My Guru

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My life as a wife, mom, and teacher was always busy. Everyone in the household was constantly coming and going. Often it seemed as though the only times that we were all together was when we finally managed to get to sleep at night. I’d like to be able to say that I ran a tight and orderly ship but what we mostly had was a state of controlled chaos.

When the demands of our schedules and responsibilities became overwhelming I found myself wanting to go visit my grandfather who had a mysteriously calming influence on me. Being with him felt something like I imagine it would be to have an audience with the Dali Lama. Just seeing him sitting in his recliner puffing on his pipe brought my blood pressure down instantly and the wisdom he exuded with his every remark settled my anxieties more surely than the most powerful medication.

I never had to call my grandfather to set up an appointment. If I just showed up without warning he welcomed me as though he had been planning for my arrival. He was invariably clean shaven and neat in his khaki pants held up by suspenders. He wore the same style of his meticulously polished high top leather shoes that might have been the fashion in his youth before the dawn of the twentieth century. He had lost all but a ring of his hair that he kept neat and trimmed. He was a fastidious man of routine and habit whose calmness was always reliable. I knew what I would find before I even reached his home, and he never disappointed me.

His deep southern drawl cultivated in the foothills of Virginia had a soothing lilt and he gloried in telling the stories that delighted me no matter how many times I heard them. He might have mesmerized an audience in a one man show had he taken his talent on the road, but that is not who he was. Instead his magical effect on me lay in his constancy and the very story of his life that was rooted in hardship and survival without complaint. He was a person of impeccable character who had journeyed through life with grit and hard work. When he spoke he did not so much offer advice as model it through the thematic threads of his tales.

Grandpa was of another time and place who had somehow both transcended and embraced the marvels of the Industrial Revolution and the twenty first century. With his keen intellect and a set of hardcore values rooted in integrity he had somehow overcome one challenge after another. By the time I was making my pilgrimages to see him he owned little more than the clothes on his back and survived in a rented room with a meager pension that provided him with the most basic human needs. In spite of what some might call a very restricted lifestyle he found great joy in the simplicity of his existence which he always boasted was so much grander than what he had known as a boy.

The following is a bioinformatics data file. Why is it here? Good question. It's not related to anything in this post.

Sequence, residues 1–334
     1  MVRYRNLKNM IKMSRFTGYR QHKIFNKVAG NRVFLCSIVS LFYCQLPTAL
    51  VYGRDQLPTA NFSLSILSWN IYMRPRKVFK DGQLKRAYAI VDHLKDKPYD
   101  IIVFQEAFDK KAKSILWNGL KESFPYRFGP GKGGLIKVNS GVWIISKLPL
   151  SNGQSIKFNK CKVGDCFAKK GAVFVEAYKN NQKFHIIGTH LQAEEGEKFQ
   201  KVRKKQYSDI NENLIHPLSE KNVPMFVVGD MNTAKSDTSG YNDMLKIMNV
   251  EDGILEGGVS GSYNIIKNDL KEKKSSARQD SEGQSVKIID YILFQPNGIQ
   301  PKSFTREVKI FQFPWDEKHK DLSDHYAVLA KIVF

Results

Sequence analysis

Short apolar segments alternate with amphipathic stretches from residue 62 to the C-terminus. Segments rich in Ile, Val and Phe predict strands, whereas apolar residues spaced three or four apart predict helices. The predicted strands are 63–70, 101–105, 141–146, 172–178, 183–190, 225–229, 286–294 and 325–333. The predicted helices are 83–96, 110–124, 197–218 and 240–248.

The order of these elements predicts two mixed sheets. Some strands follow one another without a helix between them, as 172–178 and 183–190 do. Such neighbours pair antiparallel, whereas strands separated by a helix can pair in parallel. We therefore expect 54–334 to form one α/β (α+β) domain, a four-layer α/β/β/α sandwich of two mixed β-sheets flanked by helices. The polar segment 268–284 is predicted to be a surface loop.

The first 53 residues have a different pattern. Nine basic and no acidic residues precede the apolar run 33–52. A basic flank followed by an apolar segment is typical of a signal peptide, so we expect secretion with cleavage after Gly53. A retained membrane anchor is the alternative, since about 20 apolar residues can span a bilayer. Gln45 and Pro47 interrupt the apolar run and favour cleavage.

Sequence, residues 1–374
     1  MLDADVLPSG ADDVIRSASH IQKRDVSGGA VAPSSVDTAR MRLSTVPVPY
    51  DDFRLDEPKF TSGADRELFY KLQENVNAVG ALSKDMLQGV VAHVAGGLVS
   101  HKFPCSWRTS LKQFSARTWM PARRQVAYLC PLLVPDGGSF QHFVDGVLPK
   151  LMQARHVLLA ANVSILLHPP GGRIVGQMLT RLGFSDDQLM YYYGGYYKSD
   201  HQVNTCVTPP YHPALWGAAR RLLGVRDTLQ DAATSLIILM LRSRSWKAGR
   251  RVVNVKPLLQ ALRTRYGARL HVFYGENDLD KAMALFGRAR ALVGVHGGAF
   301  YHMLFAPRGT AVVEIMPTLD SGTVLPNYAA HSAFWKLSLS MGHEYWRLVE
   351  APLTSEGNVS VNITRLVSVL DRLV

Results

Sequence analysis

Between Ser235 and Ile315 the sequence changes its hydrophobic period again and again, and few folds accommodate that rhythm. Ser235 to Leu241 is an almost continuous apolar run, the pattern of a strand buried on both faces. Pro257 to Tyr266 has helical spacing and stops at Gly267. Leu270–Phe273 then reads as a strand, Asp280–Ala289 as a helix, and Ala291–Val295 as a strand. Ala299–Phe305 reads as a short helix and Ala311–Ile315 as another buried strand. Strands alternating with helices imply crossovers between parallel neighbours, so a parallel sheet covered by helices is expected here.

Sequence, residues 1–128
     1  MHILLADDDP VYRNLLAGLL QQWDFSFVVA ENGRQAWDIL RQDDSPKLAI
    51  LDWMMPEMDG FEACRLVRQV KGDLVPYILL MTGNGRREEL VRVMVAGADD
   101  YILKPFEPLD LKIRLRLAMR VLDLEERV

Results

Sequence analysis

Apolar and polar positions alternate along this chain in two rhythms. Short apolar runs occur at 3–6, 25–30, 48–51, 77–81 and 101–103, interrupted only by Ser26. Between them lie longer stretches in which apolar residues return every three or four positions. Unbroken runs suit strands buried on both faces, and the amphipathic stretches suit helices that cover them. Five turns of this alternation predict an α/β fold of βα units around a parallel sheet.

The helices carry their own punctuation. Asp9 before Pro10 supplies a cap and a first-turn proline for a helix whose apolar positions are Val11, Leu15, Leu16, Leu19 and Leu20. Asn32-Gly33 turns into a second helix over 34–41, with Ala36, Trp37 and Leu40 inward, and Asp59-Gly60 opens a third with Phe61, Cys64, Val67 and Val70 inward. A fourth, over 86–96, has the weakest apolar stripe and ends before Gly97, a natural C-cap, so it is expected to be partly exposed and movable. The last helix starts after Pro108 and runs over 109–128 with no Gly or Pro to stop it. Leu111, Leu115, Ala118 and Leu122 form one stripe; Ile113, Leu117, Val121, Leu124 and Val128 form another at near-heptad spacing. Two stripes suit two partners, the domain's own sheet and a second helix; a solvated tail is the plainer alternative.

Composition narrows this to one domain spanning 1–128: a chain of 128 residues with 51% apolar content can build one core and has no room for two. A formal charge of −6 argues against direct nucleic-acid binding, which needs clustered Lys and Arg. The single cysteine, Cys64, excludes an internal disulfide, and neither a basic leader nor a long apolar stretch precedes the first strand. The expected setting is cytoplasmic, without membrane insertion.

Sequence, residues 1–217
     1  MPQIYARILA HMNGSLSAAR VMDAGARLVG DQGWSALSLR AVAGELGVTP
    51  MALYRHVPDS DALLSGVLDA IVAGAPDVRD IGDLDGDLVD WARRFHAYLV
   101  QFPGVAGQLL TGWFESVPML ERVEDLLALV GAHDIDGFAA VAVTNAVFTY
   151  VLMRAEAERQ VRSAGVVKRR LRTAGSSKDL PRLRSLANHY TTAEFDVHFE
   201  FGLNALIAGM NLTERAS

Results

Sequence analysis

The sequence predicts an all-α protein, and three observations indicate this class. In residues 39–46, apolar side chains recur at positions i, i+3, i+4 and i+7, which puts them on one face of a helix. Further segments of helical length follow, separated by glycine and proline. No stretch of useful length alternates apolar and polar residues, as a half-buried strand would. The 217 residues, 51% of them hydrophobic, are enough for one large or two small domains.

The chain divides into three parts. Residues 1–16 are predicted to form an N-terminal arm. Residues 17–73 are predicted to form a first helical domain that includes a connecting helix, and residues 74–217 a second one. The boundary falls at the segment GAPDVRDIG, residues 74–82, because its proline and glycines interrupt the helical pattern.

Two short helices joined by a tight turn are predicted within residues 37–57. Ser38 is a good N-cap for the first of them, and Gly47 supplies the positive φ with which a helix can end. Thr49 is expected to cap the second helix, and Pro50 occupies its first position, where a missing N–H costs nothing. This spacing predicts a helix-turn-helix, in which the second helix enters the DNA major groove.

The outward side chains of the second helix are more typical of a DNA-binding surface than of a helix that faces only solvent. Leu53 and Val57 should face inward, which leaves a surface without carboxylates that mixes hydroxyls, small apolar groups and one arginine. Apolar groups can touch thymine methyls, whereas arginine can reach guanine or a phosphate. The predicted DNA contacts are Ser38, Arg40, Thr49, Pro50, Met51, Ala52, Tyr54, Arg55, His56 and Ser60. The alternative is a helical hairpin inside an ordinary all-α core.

I suppose that his optimism and faith in mankind was the thing that most inspired me. He taught me how to find satisfaction and joy in the most simple aspects of life and to eschew comparisons with those who appear to have more. He believed that it was futile to wish that things had been different in his story. He accepted the many hardships that he experienced as just part of the human experience. He reveled in knowing that he had overcome so much and was still standing.

When my grandfather died I was devastated. His one hundred eight years on this earth had somehow mislead me to believe that he would always be waiting to talk with me. I found myself regretting that I had not gone to see him more often or stayed just a bit longer instead of deferring to things that I had to do. I still hear his comforting voice and smell the aroma of his pipe tobacco wafting into the air. There is so much more that I want to know about him and so much that I would like to say to him.

We seem to be living in a time when society is rushing around faster than ever before. The trend is to tie ourselves and our children to unrelenting schedules. We are continually exposed to an infinite loop of complaining about how terrible things are. We attempt to assuage our stress with entertainments that are of little or no value. Some attempt to hide their pain with drugs and alcohol. It can feel overwhelming to observe the level of dissatisfaction. All of it makes me long for the calm and contentment of my grandfather, a man who dealt with the hand that was given him with grace and appreciation.

When all is said and done my grandfather taught me that we have more control over our lives than we may think. Both good and bad things will indeed happen but we have the ultimate control over what attitudes we choose to have. His philosophy was to find a grain of good even in the worst possible scenario. He was a strong and courageous man not just because he had to be but because he wanted to be. He embraced each moment just as it was, learning something about the world and himself as he went. I miss him greatly but he taught me how to survive and showed me how precious life can and should be. He was my guru.

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